Note: If you are planning on flying with your chinchilla, make sure you communicate with the airline early and directly about your plans. Many airlines will not let you fly with chinchillas and others will require you to check the chinchilla as cargo (which means they will be put under the plane with the baggage). Flying with a chinchilla as cargo is not recommended. There are some airlines that will allow you to fly with the chinchilla in the cabin if you have them designated as a service animal by a vet. The airlines will let you know what you need to do. Once you verify you can fly with your chinchilla, double check with the airline that you have an approved carrier so your chinchilla can go under the seat in front of you. We do not claim that any of the below carriers are airline approved. These are just our recommendations for general car travel.
Suncast Deluxe Chinchilla Carriers
Meant for small pets, and smaller cats and dogs, this carrier is a great option for traveling with your pet chinchilla. What sets this carrier apart from other options is that it features wire walls on three sides, allowing for a lot of ventilation to keep your chinchilla cool. Made from hard plastic with metal bars, it’s good for short-term travel with your chin.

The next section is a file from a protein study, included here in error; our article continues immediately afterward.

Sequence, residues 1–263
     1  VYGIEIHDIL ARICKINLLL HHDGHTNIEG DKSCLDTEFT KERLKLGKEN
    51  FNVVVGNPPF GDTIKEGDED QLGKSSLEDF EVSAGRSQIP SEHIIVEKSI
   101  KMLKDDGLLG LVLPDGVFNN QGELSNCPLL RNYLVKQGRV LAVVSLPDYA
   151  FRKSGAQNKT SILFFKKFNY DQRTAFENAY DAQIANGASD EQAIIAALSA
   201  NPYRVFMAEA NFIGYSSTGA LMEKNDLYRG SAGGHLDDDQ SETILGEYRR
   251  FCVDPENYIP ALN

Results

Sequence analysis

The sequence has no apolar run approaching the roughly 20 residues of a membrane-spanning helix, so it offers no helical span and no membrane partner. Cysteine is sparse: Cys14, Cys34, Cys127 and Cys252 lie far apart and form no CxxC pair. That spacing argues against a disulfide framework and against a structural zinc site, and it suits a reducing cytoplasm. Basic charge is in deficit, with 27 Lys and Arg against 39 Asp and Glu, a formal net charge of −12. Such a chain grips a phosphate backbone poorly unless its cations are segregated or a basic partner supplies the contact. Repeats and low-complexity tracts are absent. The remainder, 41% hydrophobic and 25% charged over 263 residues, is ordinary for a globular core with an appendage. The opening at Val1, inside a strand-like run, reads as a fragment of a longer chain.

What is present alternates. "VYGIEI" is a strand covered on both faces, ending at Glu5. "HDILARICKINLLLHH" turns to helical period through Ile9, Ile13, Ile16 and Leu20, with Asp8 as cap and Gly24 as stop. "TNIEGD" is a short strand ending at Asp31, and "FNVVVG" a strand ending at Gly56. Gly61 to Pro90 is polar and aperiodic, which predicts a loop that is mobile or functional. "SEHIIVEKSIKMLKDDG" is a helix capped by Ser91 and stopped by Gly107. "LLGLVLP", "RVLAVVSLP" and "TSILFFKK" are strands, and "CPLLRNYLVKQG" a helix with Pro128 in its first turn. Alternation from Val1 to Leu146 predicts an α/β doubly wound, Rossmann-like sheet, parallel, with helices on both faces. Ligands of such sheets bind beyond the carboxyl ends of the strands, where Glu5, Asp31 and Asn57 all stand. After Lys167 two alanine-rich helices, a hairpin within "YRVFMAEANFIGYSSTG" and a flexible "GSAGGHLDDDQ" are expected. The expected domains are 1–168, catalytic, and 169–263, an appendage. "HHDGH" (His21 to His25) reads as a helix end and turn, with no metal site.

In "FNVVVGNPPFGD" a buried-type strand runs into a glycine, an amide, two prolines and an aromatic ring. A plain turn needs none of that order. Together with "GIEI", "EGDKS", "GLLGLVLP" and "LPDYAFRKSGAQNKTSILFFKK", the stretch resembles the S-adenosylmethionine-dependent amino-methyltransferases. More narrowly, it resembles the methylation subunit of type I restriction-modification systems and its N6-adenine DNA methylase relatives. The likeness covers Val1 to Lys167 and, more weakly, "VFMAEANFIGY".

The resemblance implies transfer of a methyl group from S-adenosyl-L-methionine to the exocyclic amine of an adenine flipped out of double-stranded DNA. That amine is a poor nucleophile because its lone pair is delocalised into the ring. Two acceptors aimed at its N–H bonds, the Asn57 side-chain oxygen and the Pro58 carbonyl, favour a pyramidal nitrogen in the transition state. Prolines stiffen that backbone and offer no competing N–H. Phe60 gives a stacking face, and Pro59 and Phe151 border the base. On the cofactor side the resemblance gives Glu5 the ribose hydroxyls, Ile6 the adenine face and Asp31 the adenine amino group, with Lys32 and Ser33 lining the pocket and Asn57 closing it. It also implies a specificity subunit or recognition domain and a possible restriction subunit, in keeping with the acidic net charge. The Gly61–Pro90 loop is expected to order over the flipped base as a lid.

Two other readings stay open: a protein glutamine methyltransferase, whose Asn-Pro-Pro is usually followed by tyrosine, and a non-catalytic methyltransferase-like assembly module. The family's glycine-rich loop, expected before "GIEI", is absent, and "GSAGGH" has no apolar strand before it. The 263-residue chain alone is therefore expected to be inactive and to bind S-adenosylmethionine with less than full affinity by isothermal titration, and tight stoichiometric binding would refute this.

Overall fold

There is enough space under the handle to slide a seatbelt through to secure your pet in the backseat. This carrier comes with plastic bowls for food and water that hook to the inside of the carrier, but wouldn’t be the best for use with a chinchilla. You can easily attach a metal bowl or water bottle to the bars. For a single chinchilla, I would recommend the 19 1/2″ size. Ships fully assembled.
Dimensions: Option 1: 15″ W x 23″ D x 12 1/2″ H. Option 2: 13″ W x 19 1/2″ D x 10 1/4″ H
Petmate Compass Kennel for Small Pets
If you’re looking for some pizaz and color options for your chinchilla carrier, the Compass Kennel is a great option. It features ventilation on all four sides to keep your chin from overheating and is made from sturdy plastic. The quick latch 2-way door can open in either direction or be removed completely to easily let your chinchilla in or out.
These kennels are normally made for dogs, so you really only need the smallest size. I recommend the “up to 10 lbs” version for chinchillas. Easy assembly, no tools required.
Available Colors: denim/black, hot pink/black, island blue/black, red plum/black
Dimensions: 19 x 12.7 x 11.5 inches
Favorite Pet Carrier for Chinchillas and Small Animals